3 suicide blasts in Lahore kill 18

2010-09-01 19:44

Lahore - Three suicide bombers in Pakistan's eastern city of Lahore on Wednesday killed 18 people and wounded at least 143 during a Shi'ite mourning procession, police and rescue officials said.

Pakistan has been hit by a wave of Islamist militant attacks over the past three years which many attribute to Islamabad's alliance with Washington and the US-led war against the Taliban in neighbouring Afghanistan.

The blasts hit exactly at the time of breaking of fast in the ongoing holy month of Ramadan.

"Eighteen people were killed and 143 others wounded in the three suicide attacks," a senior local administration official, Sajjad Bhutta, told AFP.

"We have collected bodies of all the three bombers," he said, adding that they were collecting more evidence from the site.

Top local administration official Khusro Pervez told reporters in Lahore that more than 100 people were wounded.

"The first blast took place immediately after the mourning procession ended followed by (the) other two," Pervez said.

Many bomb attacks

He said that the police was trying to secure other areas, as the mourners are currently scattered everywhere in the area known as Karbala Gamey Shah, the traditional route where the mourning procession ends.

It is not the first time Lahore has seen violence directed towards religious groups.

In July, twin suicide attacks on an Islamic shrine in Lahore, capital of Punjab province and a major military, political and cultural hub, killed 43 people.

The two suicide bombers blew themselves up among crowds of worshippers at the shrine to Sufi saint Data Ganj Bakhsh.

In May, gunmen wearing suicide vests storm two mosques belonging to the minority Ahmadi sect in Lahore, killing at least 82 people.

The United States last year approved a five-year $7.5bn package aimed at reducing the appeal of extremists in the Islamic world's only declared nuclear power by building infrastructure, schools and democratic institutions.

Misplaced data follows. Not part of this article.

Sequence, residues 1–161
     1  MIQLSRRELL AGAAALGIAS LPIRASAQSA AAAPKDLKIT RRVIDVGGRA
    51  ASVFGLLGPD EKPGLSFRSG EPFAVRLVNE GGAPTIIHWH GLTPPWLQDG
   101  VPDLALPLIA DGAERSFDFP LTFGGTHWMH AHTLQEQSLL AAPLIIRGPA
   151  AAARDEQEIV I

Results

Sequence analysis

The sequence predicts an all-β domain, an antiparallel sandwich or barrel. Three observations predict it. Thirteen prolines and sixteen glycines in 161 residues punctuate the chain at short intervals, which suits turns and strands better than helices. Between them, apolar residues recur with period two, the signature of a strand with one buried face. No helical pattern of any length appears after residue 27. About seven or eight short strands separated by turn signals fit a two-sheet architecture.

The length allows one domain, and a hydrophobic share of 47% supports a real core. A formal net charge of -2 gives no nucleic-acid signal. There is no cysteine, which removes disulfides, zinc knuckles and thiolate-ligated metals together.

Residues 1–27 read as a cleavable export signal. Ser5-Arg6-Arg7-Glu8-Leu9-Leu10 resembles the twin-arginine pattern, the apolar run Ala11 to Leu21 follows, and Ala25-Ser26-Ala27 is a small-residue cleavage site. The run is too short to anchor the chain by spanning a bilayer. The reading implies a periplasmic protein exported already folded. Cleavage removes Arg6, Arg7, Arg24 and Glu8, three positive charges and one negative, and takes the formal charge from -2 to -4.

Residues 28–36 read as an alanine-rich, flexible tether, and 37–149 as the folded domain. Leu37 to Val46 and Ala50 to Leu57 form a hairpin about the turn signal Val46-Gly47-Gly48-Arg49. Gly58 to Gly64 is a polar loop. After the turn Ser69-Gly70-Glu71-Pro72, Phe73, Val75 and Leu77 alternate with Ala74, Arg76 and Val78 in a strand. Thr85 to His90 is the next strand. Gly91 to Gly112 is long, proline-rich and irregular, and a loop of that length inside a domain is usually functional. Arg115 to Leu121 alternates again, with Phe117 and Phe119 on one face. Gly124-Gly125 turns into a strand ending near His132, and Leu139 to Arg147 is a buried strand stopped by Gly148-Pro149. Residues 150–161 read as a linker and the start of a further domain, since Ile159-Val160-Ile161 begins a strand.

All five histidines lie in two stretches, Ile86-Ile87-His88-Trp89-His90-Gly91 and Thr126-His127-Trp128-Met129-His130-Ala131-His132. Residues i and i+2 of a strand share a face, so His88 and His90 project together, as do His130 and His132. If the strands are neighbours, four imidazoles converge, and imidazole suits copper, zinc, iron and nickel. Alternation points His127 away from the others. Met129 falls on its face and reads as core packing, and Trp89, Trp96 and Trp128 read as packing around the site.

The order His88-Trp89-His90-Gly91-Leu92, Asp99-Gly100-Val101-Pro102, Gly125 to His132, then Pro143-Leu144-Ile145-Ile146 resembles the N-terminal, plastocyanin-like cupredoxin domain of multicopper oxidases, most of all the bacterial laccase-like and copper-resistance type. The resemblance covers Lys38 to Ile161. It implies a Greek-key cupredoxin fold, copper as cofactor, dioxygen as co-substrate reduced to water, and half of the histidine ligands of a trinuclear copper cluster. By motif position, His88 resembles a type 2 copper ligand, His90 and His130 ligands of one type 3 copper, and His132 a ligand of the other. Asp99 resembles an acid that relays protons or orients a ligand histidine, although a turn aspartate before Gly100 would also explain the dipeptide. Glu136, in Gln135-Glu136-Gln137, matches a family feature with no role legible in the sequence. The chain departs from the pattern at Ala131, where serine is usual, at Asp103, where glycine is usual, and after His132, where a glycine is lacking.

But the United States remains wildly unpopular with the Pakistani public, inflamed by a covert US drone war against extremist targets in lawless tribal on the Afghan border that Washington considers the global bastion of al-Qaeda.


There were no immediate claims for the latest attack, which came as the United States added the Pakistani Taliban to a blacklist of foreign terrorist organisations, which means members face asset freezes and travel bans.

US Secretary of State Hillary Clinton designated the Tehreek-e-Taliban as a foreign terrorist organisation on August 12, and it was formally added to the list when it was published on Wednesday in the Federal Register.

"I conclude that there is a sufficient factual basis to find that the relevant circumstances described in section 219 of the Immigration and Nationality Act... exist with respect" to the group, she wrote.

"Therefore, I hereby designate the aforementioned organisation and its aliases as a foreign terrorist organisation pursuant to section 219 of the INA," she wrote according to an email distributed by the State Department.

Pakistan is currently battling devastating flooding that has left 1 760 people confirmed dead and more than 2 000 injured, but officials warn that millions are at risk from food shortages and disease.